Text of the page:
How to start homebrewing

Homebrewer and Beer Hawk's beer buyer Mark James explains the options open to a new homebrewer

So you’re ready to scratch the itch and brew your first beer at home? Perhaps you dipped your toe with one of the fantastic Brooklyn Brew Shop kits which we featured in the previous issue of Hoptical?

Either way, standing resolute with mash paddle (or oversized spoon) in hand, it can still be a little daunting when faced with the plethora of methods, equipment and beer styles that make up the homebrewing world.

Three approaches of varying complexity are open to the beer enthusiast planning their first batch at home, and all the recipes found in books or the internet will fall into one of them.

EXTRACT BREWING
The first option – and the one which I chose years ago when I first fired up my giant stockpot –

How to start homebrewing

Homebrewer and Beer Hawk's beer buyer Mark James explains the options open to a new homebrewer

So you’re ready to scratch the itch and brew your first beer at home? Perhaps you dipped your toe with one of the fantastic Brooklyn Brew Shop kits which we featured in the previous issue of Hoptical?

Either way, standing resolute with mash paddle (or oversized spoon) in hand, it can still be a little daunting when faced with the plethora of methods, equipment and beer styles that make up the homebrewing world.

Three approaches of varying complexity are open to the beer enthusiast planning their first batch at home, and all the recipes found in books or the internet will fall into one of them.

EXTRACT BREWING
The first option – and the one which I chose years ago when I first fired up my giant stockpot – bypasses the mashing process and uses malt extract to create wort. Malt extract comes either as large tins of sticky syrup, or as a dried powder also called spraymalt (formed by spraying liquid wort through a fine nozzle into a hot chamber, where it solidifies and drifts to the floor). Besides being the least daunting of options open to a newcomer and requiring the fewest pieces of equipment, leaving the extraction of barley’s fine sugars in the hands of professionals is by no means a bad idea. Award-winning homebrews have indeed been made using only malt extract.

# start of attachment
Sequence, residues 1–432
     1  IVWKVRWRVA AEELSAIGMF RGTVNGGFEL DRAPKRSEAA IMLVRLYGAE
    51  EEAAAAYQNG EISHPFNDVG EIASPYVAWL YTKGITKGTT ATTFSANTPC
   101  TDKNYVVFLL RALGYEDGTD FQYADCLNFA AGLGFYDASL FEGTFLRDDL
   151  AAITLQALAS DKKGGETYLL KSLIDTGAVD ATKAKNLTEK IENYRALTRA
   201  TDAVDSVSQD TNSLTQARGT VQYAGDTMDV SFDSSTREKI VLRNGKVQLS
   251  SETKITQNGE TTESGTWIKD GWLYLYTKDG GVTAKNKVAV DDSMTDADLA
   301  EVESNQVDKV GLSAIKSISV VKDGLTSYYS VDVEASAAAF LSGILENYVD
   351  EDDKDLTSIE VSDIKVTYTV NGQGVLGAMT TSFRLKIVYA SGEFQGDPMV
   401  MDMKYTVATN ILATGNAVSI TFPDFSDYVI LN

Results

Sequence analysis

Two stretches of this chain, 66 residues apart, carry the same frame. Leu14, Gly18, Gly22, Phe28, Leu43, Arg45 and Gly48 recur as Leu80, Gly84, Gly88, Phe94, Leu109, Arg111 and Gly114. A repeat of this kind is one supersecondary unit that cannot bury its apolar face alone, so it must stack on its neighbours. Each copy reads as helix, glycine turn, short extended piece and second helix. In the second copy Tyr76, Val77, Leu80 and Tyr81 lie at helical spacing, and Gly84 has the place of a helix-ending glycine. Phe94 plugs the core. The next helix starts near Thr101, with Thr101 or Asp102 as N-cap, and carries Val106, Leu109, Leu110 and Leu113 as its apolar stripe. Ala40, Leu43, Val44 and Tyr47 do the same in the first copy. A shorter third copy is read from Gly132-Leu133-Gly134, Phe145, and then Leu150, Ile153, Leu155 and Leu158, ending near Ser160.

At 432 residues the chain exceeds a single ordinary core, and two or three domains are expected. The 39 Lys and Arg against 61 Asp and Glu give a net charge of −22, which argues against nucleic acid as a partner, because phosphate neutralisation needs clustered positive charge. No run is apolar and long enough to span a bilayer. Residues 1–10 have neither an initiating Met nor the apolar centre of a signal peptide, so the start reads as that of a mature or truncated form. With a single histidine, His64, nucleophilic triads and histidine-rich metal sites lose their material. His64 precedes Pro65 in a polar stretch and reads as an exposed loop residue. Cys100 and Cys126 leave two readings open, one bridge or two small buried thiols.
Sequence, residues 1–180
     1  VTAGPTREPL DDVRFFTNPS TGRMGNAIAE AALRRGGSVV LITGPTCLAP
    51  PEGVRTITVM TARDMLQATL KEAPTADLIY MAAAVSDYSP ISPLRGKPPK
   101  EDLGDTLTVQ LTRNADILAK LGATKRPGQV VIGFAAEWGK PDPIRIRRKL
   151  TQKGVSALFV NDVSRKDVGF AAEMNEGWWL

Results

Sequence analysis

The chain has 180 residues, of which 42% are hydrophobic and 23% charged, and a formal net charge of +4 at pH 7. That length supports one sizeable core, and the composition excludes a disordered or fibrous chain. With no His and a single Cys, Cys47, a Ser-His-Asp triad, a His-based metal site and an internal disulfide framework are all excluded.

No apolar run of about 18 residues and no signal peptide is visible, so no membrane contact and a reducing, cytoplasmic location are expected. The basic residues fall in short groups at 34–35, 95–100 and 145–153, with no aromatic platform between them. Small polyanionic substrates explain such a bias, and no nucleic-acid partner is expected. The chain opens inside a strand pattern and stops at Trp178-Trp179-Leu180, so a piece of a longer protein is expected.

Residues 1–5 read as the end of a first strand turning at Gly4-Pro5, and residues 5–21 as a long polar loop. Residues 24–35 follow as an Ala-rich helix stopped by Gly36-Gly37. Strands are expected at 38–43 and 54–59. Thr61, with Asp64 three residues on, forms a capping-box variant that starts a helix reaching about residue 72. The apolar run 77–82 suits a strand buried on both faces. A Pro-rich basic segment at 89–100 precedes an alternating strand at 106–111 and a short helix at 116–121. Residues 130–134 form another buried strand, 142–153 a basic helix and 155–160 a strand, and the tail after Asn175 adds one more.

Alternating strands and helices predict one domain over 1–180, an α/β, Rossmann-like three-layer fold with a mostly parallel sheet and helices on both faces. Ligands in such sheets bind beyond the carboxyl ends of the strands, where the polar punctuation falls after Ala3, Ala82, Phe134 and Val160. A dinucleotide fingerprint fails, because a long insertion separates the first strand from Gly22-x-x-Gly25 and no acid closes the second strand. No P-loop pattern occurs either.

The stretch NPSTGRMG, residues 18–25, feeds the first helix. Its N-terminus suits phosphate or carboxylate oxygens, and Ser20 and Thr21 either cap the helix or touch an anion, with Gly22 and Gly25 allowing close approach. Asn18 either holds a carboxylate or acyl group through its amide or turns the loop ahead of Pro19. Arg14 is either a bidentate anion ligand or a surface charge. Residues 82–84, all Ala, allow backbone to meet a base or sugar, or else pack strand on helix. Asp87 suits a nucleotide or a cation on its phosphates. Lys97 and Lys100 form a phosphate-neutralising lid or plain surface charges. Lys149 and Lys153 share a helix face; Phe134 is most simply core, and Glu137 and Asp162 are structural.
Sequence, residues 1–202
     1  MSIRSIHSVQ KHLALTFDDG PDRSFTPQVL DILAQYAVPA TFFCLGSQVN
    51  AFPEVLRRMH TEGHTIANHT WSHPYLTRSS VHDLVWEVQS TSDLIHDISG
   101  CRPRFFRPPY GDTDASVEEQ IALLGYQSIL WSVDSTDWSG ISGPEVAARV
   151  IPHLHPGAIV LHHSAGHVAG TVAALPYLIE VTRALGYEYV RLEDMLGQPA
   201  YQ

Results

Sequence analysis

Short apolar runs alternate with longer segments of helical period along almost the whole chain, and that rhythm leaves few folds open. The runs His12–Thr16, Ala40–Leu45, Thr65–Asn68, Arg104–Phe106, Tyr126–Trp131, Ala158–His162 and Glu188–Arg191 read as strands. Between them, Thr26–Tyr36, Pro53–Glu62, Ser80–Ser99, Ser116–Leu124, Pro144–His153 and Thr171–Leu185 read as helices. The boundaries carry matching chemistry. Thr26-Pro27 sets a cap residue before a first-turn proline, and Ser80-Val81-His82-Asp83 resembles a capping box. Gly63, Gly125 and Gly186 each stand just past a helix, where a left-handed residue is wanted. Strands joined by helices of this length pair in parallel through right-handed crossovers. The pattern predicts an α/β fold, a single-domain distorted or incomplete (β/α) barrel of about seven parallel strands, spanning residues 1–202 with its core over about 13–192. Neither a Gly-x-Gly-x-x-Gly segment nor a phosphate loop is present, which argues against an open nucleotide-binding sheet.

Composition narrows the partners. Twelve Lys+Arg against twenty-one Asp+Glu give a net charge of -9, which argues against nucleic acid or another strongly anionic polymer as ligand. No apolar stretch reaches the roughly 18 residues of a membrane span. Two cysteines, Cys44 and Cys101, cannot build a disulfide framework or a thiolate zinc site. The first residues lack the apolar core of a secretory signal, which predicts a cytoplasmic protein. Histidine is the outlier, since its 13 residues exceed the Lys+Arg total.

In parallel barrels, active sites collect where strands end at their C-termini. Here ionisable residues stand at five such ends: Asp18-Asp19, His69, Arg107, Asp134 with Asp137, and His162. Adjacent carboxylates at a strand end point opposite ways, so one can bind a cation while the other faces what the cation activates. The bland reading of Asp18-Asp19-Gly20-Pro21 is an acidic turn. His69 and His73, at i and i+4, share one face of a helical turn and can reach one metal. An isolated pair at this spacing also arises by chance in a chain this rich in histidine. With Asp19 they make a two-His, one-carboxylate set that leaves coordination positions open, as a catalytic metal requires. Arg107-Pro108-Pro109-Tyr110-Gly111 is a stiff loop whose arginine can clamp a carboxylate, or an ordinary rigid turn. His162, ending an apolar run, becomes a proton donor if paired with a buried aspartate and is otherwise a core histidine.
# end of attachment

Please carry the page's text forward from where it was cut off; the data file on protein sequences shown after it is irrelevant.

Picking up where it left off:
PARTIAL MASH
The second avenue is a hybrid method straddling two schools of homebrewing, whereby an intrepid brewer uses malt extract to create a hot kettle of wort as before, then soaks a bag of speciality grains in the liquid – much like a giant teabag in the world’s biggest cuppa.

"Award-winning homebrews have beer made using only malt extract"

By steeping speciality grains in this way we can impart the characteristics of darker malts, caramelised malts, or even utilise wheat, rye or oats to add complexity to our brew. This method of using a base wort of malt extract and steeping speciality grains is known as “partial mash brewing”. A great advantage of extract and partial mash brewing is that they can be done in one pot on the stovetop in a manageable, concentrated volume which is then topped up with water in the fermenter.

ALL GRAIN
That third avenue of homebrewing, however, is the craft to which most initiates eventually aspire: ‘all grain brewing’. Here brewers start from scratch, with nothing but a big ol’ bag of malted barley and an often ramshackle assortment of DIY equipment. Base pale malts, speciality malts, and anything else fermentable are soaked in hot water, drained and then rinsed, and only then does the all grain brewer have
his wort.

More can go wrong, and it’s certainly more time consuming, but choosing to control this first step is an oft-irresistible conclusion to the decision to brew beer at home. There are many different ways to brew all grain, from holes drilled in plastic buckets to gleaming chrome automatons of the future, and the diversity of methods and home setups is all part of the fun of homebrewing.